Jod - 21-May-19 @ 8:19 PM
    at the back of my house is a Parish Rooms car park for folk using the rooms for hire. Several times I and my neighbour have had our garden fence damaged due to bad parking. We have just replaced them. The trustees are saying we have to catch them and claim. Surely the responsibility should lie with the trustees who let people park free.We have asked for stumps or some form of barrier so that these bad drivers cant get near our fences to no avail, what more can we do -help please
    JEN - 12-May-19 @ 6:01 PM
    We bought a house in 2007. there is a little bit of land at the end of the garden that contains our cesspit (shared with our neighbours). The local farmer says he owns this land, but we have full right to empty and maintain it. When we bought the house there was no fence from our garden into the bit of land, but a few years ago he put up a fence, making it harder to access. he agreed to sell me the land several years ago (and agreed a price in writing) and said he needed to sort out paperwork. Last time I asked to buy it he said he didn't want to sell it anymore. Today I discover that the land isn't actually registered. The acres and acres that he owns surrounding it are registered, but that bit isn't. CanI register it in my name?
    elizabethR1 - 30-Apr-19 @ 7:41 PM
    i have a strech of land to tge side of my house, i have hinted to my neighbours about detecting a fence half way through the land deviding it. my neighbours have said they woukd be happy to maintain the side closer to them providing they will be allowed to let the dog run free. would my neighbours be allowed to take possession if i did this?
    brow - 9-Apr-19 @ 2:39 PM
    We have had a fence along a boundary line for 17years It’s isnt in the right place due to my dad and ex husband of our neighbour agreeing where it is now. Her and her new husband have now stated they are moving the fence to where they think it should be A) are they allowed to do this with our agreeing a boundary line first (we have deeds but obviously the fence was put in wrong from her in the first place) B) they have very aggressive dogs and we have young children we are convergence dogs will get in our garden B)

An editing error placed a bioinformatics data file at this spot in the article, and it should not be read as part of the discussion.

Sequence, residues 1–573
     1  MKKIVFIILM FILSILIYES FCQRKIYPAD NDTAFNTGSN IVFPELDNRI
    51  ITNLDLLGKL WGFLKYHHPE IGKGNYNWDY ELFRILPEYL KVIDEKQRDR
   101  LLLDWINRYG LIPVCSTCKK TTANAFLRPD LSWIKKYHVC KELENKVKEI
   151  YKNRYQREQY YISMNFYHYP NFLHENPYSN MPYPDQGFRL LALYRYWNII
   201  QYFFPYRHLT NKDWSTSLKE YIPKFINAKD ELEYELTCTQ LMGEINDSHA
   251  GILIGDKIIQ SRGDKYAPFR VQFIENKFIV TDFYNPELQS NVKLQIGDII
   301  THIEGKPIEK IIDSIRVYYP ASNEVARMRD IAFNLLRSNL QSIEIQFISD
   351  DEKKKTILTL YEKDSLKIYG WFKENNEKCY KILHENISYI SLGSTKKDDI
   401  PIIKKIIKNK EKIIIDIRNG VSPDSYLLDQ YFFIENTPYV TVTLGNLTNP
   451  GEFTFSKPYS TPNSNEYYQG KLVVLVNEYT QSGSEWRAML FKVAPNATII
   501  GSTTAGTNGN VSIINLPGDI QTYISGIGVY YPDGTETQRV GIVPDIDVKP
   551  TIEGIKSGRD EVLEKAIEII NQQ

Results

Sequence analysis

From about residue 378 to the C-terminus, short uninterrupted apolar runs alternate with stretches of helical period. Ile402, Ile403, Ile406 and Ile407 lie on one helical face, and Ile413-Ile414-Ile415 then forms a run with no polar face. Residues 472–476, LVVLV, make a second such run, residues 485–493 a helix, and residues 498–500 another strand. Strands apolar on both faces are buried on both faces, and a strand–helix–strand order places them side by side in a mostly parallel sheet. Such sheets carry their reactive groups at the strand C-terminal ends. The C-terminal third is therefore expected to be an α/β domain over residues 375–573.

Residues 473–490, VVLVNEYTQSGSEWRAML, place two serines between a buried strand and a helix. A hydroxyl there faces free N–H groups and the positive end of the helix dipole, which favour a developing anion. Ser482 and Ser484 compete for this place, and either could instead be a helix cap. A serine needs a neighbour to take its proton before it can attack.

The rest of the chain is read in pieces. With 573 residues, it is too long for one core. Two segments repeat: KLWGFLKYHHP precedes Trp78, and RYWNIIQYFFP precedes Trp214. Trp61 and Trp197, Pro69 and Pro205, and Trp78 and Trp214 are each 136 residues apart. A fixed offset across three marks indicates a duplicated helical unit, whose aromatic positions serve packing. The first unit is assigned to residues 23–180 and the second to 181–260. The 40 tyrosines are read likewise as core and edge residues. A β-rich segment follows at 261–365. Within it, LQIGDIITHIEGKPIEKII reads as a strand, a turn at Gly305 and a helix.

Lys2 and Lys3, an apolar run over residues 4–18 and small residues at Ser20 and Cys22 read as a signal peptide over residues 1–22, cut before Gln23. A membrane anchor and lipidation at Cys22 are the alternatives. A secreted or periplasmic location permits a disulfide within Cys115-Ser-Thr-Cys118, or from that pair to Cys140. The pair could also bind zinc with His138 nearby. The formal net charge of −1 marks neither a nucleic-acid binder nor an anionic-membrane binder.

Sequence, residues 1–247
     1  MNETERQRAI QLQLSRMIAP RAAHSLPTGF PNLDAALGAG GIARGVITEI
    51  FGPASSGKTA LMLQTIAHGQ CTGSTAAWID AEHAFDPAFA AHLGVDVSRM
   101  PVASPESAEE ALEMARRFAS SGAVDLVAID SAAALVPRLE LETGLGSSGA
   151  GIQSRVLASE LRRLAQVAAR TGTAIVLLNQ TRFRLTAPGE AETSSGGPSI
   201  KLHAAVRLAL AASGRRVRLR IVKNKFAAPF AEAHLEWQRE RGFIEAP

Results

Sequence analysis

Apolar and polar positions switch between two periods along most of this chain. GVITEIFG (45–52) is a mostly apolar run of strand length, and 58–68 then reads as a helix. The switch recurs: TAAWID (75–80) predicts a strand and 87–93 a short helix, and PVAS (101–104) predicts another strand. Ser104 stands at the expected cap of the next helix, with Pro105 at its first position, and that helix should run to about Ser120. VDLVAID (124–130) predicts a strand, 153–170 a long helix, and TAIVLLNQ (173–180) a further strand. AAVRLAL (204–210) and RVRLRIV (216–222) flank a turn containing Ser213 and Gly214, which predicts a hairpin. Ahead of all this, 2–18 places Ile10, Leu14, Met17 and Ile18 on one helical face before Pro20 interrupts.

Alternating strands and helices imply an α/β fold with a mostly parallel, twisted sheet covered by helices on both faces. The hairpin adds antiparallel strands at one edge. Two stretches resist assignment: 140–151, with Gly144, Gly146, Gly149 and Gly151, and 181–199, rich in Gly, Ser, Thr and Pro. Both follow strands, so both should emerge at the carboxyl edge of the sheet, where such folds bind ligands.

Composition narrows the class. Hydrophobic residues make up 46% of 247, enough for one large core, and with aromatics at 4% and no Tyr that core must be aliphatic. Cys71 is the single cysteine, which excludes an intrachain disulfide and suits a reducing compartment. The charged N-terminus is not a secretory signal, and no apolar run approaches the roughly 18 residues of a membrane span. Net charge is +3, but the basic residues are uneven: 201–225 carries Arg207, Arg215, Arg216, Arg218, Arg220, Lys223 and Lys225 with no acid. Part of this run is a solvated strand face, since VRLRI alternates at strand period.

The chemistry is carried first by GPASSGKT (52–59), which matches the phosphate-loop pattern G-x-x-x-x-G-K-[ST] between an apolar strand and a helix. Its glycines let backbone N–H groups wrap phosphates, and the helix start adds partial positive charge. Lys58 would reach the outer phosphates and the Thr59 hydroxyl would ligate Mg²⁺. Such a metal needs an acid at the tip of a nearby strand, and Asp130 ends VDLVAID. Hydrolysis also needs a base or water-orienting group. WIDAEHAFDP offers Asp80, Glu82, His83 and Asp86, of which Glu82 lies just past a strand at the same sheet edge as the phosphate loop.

A - 17-Mar-19 @ 12:46 PM
    15 yrs ago my neighbour encroached 3ft onto my property he refuses to register with land registry and refuses to erect a fence between the two properties can i claim it back
    bez - 10-Mar-19 @ 3:17 PM
    Regards to the below message, Planning permission has been granted since April this year by the way.
    Owner? - 26-Nov-18 @ 10:52 AM
    My neighbours have been round. The lady has stated that she legally owns the fence that separates our rear gardens, and also the land it sits on. As far as I can see on my deeds, the land the fence sits on is mine. My boundary line shows a straight line from the right side of my property all the way to the rear fence. Apart from the fence not being very straight and encroaching on my garden, it is attached to the rear wall of my house. The reason this all got brought up is that I have had plans drawn up for an extension. The plans clearly show the wall of my new extension running along my boundary. I have no issue with the fence being attached to the new extension (similarly to how it is currently) and have told the neighbour this, but she is insistent that her fence is left in its current location and that I need to build my wall 100-150mm in from the legal boundary line to accommodate this. I am aware that it would be fairly difficult to build along the boundary line unless my foundation is dug in the neighbours property by 100mm or so, but my plans have a stipulation on the detail that the foundation is to be 600mm (rather than the 500mm generally) wide to accommodate the edge build for the wall over the foundation. I just need to get some advice on where I stand and as to whether I can remove the 1 and a half panels in my garden so the wall can replace it. Thank you for your time in advance.
    Owner? - 26-Nov-18 @ 10:50 AM
    We recently bought a house and only this week found out that the neighbour who is at the rear of my garden boundary has advanced about 3 meters into my garden (behind a shed), he even built a paved drive as a side entrance and put a gate on it, all within my land. The boundary on my deed clearly show that land is mine. Talking to other neighbours, this happened about 8 years ago with the (not written) consent of the previous owner of the house I bought. Can I claim the land back easily or do I need to take him to a tribunal? Thanks.
    Rafa S - 9-Oct-18 @ 9:29 AM